Living Room | Before & After

8:46 PM

Maybe it was some crazy nesting instincts.. maybe I had dealt with the wood paneling for too long.. maybe this old house just needed a living room face lift..

Our little house was built in 1970.. and we're renting. One outweighs the other, but both mean we are limited in what we can do to this house, but I can say I have never had such satisfaction come from a gallon of paint.

I don't think I will ever understand what made wood paneling popular.. dark, smelly and just ugly. On top of it, the fireplace had an a little accident at some point in time leaving the bricks stained with soot.  As a note, when we moved in the fireplace veneer was actually old brass.. I took a little High Heat Rustoleum to that for a quick fix.

A trip to Home Depot preceded the painting supplies. I chose Behr Ultra Premium Stain Blocking paint in Swiss Coffee for my color.

For the wood paneling:

You will need:
Sanding block or sandpaper, fine grit
sponge or damp rag
Paint that contains stain-blocking primer such as Behr Ultra Premium
(or Kilz)
Paint roller & tray
1 1/4" paint brush for flat surfaces

I purchased a sanding block and spent about an hour going over every inch of board to take off the top layer. Be sure to use a mask for dust.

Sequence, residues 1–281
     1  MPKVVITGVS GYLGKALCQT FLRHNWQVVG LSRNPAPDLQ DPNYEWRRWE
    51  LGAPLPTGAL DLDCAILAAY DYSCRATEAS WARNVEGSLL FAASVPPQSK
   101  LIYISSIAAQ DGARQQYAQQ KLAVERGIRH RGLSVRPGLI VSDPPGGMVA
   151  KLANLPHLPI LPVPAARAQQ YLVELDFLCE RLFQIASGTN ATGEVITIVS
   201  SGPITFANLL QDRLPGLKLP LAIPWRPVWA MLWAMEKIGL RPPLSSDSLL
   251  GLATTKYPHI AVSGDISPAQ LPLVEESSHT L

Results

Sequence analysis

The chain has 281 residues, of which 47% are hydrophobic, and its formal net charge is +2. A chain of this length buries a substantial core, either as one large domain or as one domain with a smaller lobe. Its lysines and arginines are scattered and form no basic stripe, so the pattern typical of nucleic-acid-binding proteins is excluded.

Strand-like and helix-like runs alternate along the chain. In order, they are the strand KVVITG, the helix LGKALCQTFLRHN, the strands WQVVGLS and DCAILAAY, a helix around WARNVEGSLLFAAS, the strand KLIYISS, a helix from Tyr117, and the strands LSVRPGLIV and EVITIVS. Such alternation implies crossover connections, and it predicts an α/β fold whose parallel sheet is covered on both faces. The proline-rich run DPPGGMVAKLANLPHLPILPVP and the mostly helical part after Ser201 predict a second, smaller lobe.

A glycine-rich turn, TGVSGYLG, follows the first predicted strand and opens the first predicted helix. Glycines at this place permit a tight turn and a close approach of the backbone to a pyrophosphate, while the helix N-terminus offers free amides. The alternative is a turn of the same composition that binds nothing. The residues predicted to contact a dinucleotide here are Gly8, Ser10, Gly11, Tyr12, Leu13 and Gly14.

Wipe down all the wood with a damp rag after sanding, let dry.

A stain-blocking primer or paint is important when painting wood. If you already have paint you want to use that is not a stain-blocker, apply a layer of Kilz and let dry prior to painting.

Apply your first layer of paint (or primer if using). Apply in "W" motion for best coverage. Let dry overnight.

Apply the next layer and touch up any thin areas.

Next, (if you don't do if first) paint the trim. The trim still took two coats, but I find it's easier to do at the end and use the brush to blend into the rest of the painted surface.

To paint a brick fireplace:

You will need:
Wire bristle brush
spray bottle
white vinegar
painters tape
1 1/4" paint brushes

Similar to the wood paneling, you have to clean the surface first. I bought a wire bristle brush and went over all the bricks, reaching in to the grooves as best I could to remove dust, ash and soot.

Vacuum the brick to remove excess dust.

Using a spray bottle, fill with 1 part white vinegar, 2 parts water and spray brick until damp. Using a soft sponge, wipe down the entire surface. Let dry.

Using painter's tape, tape off the entire perimeter - carpet, walls, trim, metal from fireplace (or remove if you can). Using your paintbrushes, apply your first coat of paint, making sure to just get in all the grooves, you will go back over this with a second coat for better coverage.

Once painted, remove all your tape and enjoy your new fireplace - or entire room! I know we love it, it brightened the space immensely and updated the look a bit too.

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